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Pandemic Lessons: When Will Normal Life Return? | Local news



Ranke, an adviser at Colligan Law, added: “They either think the pandemic is a scam, they think it’s more important to protect our economy, they think the virus is like the flu, they don’t agree with shutting down schools or companies to protect people from the virus, believe that the vaccine is dangerous or do not trust medical professionals who say that vaccines are necessary and safe. This is a shrinking population of individuals, but generally unsolvable. “

This makes 1

5% of people who “usually maintain” the vaccine absolutely vital to the effort. “We can’t achieve real herd immunity without them,” Ranke said.

How can people be reached, persuaded (if necessary) and vaccinated?

This looks a little different for each group.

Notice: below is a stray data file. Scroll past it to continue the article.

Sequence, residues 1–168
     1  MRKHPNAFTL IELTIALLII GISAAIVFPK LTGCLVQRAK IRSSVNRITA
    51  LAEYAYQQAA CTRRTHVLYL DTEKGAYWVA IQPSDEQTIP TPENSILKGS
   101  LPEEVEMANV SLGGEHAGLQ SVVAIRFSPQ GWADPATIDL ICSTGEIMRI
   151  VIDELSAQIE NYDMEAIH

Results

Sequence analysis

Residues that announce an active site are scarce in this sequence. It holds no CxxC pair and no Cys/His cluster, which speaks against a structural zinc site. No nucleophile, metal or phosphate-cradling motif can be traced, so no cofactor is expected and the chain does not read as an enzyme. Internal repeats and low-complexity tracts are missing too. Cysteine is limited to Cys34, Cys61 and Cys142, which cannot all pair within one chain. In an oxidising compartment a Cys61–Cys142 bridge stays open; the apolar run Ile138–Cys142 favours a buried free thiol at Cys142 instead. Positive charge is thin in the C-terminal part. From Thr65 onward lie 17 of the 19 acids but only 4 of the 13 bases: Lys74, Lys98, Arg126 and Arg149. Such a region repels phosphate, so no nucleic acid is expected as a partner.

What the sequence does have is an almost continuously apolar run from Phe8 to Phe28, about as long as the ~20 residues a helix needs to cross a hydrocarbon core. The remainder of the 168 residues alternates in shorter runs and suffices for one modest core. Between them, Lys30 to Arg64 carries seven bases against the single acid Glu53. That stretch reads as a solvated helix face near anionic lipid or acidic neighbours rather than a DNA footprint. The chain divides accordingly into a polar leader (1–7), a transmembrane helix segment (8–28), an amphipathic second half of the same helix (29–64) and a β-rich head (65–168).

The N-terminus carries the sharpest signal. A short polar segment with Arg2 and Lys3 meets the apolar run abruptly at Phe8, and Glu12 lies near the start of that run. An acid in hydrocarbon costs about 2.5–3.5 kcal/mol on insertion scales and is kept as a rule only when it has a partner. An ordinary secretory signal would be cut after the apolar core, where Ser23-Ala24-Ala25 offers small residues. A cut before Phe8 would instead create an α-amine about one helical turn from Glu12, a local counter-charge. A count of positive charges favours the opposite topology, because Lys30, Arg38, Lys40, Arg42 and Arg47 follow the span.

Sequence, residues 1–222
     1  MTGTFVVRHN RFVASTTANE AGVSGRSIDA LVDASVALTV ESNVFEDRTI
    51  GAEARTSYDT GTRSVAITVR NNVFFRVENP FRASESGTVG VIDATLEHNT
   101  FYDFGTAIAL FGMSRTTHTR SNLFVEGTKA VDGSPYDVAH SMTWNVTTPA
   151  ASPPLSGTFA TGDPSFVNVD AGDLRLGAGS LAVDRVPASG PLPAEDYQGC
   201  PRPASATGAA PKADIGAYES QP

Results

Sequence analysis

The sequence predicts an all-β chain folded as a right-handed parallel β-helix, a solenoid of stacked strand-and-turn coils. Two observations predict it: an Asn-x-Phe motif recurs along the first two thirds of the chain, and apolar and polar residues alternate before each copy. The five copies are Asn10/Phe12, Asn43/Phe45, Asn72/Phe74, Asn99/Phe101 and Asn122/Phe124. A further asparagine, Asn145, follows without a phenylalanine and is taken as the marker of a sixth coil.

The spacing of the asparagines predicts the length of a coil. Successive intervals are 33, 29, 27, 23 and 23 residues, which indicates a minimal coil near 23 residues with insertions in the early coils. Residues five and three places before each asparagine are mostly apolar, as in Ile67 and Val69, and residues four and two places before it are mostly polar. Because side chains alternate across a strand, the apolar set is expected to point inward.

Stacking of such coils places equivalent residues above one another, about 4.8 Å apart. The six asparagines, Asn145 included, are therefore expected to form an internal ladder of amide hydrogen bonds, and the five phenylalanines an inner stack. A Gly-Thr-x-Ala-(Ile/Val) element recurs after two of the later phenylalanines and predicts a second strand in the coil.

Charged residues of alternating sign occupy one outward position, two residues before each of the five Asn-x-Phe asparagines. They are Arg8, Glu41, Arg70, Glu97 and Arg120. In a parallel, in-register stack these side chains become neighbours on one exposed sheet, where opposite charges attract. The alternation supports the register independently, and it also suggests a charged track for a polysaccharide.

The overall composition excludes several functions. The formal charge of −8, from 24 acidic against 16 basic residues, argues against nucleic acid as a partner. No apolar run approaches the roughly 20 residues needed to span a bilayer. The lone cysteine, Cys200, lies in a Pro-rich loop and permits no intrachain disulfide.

Vaccination of younger people is essential. According to the census, children make up about one-fifth of the US population and most of them do not qualify at the moment. This is a discouraging barrier to herd immunity, but is likely to change soon. Pfizer reported that its vaccine, which is currently approved by the Food and Drug Administration at the age of 16 and older, has been very successful in experiments with adolescents aged 12-15. This is expected to lead to an increase in age eligibility in the coming months.

By the fall, it is possible that all high school students and most high schools will be able to receive the vaccine. But for now, the focus is on older teenagers – who communicate, work, travel and can go to college. “Opportunity to influence teens who think they are ‘immune’ to all kinds of dangers is available now, given the types of events that occur at this time of year,” said Dr. Nancy Nielsen, senior assistant to the dean of health policy at the University of Buffalo and former president of the American Medical Association. “We need to get immunized 16-19-year-olds and go back to school, proms, diplomas, athletic competitions and normal gatherings of teenage friends.”


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